Researchers from the University of Indiana and Microsoft have released a joint statement, featuring their discovery of a brand new type of Android exploit never seen before on the open black market until now.
By shining a light on a secret method for obtaining permissions without any notifications popping up on the user’s screen, those working on the project were able to prove the existence of a hole so large it affects every single make, model, and version currently operational inside the Android ecosystem.
The fresh hell that Android users now wake up to in the morning has been given the name “Pileup”, which is a pseudeo-acronym for “privilege execution through updating”. In layman’s terms, it refers to the way in which seemingly ordinary apps can be used to exploit a phone or tablet at all levels of the architecture, depending on what updates are released for which apps the person has downloaded onto their device.
“Every few months, an update is released, which causes replacement and addition of tens of thousands of files on a live system. Each of the new apps being installed needs to be carefully configured to set its attributes within its own sandboxes and its privileges in the system, without accidentally damaging existing apps and the user data they keep,” the researchers wrote. “This complicates the program logic for installing such mobile updates, making it susceptible to security-critical flaws.”
This means the more popular apps installed on your device (Angry Birds, Twitter, anything related to birds pretty much), the higher your risk is of running the most up to date and widely used version of the malware designed to turn them into puppets for virus distribution, bonet infrastructure, or remote surveillance.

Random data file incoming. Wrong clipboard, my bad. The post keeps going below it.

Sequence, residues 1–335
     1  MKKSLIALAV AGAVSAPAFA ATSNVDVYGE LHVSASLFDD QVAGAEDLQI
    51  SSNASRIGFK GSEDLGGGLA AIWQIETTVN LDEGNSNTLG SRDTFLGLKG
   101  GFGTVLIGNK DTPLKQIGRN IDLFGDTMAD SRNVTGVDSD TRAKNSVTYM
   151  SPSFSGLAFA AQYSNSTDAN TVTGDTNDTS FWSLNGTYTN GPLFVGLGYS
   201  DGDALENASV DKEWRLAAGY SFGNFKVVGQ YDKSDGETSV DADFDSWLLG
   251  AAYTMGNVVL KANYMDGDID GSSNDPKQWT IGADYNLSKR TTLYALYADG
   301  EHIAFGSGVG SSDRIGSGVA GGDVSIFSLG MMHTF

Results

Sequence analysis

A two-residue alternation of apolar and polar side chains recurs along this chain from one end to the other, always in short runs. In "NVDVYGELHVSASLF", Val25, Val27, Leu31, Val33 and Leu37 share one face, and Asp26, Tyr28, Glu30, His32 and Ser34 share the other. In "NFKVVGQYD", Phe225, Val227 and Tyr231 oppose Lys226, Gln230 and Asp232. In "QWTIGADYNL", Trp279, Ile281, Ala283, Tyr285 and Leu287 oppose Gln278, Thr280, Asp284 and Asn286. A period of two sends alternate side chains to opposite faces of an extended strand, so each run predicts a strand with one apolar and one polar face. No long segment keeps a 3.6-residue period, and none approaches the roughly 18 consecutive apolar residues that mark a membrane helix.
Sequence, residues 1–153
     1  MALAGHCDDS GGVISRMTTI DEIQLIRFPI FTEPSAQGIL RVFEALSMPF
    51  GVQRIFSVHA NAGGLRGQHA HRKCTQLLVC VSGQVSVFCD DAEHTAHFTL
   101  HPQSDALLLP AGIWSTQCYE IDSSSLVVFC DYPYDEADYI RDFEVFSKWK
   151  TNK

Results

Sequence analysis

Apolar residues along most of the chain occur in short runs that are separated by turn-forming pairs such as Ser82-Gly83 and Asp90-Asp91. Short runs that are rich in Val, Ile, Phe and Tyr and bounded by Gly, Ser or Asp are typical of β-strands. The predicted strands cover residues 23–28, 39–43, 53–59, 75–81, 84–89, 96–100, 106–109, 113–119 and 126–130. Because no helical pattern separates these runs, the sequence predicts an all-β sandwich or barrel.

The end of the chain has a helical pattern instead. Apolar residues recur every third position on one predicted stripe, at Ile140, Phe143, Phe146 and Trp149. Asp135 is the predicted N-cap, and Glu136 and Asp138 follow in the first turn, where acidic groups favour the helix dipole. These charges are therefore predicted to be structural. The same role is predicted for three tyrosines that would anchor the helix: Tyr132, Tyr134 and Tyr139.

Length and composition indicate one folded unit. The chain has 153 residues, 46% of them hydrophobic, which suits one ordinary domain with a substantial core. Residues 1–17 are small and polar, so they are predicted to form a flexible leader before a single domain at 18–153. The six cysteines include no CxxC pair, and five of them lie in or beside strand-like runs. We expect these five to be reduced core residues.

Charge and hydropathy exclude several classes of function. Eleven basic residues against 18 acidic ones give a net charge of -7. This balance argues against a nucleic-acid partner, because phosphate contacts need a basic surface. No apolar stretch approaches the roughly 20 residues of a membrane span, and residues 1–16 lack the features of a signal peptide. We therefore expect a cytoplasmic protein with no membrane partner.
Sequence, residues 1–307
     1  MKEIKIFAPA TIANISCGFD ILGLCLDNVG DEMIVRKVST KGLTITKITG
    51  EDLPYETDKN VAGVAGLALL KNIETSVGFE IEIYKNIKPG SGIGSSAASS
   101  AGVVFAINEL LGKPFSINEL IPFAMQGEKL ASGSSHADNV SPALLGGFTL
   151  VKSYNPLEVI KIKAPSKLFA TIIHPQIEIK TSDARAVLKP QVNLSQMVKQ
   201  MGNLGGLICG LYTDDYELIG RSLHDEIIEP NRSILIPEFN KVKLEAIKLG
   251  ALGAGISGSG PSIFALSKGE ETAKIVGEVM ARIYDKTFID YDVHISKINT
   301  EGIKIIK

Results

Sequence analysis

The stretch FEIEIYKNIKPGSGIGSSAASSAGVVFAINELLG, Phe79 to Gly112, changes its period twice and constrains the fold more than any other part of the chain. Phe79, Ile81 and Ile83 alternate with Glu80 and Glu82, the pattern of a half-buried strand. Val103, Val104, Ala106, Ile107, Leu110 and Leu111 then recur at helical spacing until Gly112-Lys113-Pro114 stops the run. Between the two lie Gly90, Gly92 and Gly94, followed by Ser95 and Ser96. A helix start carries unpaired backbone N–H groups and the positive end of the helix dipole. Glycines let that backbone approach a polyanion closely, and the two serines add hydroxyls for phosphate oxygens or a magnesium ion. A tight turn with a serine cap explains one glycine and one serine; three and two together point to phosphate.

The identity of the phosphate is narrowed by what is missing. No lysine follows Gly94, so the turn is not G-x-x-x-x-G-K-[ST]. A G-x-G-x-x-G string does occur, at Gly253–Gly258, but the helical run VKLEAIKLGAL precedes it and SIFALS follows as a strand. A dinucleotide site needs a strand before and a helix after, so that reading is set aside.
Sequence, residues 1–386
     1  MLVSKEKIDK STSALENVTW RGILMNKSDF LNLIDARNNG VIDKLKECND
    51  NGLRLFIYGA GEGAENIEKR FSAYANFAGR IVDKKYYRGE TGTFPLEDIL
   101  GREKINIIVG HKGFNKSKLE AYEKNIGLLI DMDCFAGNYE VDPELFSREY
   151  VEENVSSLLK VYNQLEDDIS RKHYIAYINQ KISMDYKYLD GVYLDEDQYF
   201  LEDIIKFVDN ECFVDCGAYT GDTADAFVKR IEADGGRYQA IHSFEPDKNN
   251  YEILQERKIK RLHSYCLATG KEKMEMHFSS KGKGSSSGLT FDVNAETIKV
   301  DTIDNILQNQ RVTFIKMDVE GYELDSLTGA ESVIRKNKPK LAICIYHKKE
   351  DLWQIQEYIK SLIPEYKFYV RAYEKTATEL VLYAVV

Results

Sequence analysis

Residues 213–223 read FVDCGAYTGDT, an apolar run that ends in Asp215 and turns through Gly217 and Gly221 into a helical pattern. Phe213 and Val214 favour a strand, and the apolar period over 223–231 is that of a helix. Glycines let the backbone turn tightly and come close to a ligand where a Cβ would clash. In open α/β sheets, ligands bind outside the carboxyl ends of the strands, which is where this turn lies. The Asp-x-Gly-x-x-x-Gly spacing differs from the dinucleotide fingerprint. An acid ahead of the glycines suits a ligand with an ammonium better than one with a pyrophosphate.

The researchers listed rough details on how the system works:
“Through the app running on a lower version of Android, the adversary can strategically claim a set of carefully selected privileges or attributes only available on the higher OS version,” the researchers wrote.
Perhaps most surprisingly is that not only does this problem affect all users of legitimate, unmodified builds of Android. Even popular modifications like CyanogenMod and other unofficial variations of the OS are subject to the exact same worries and concerns that users of a stock Galaxy S4 will feel.
This exploit makes no distinction between names or faces — if you are running any kind of Android, this affects you, and you should be highly suspicious of any apps you download until we hear any kind of official word from Google in response to the problem.
So far the company has only told reporters they are releasing a patch for one of the six main vulnerabilities found so far, and have been uncharacteristicaly tight lipped about the issue since the news first broke.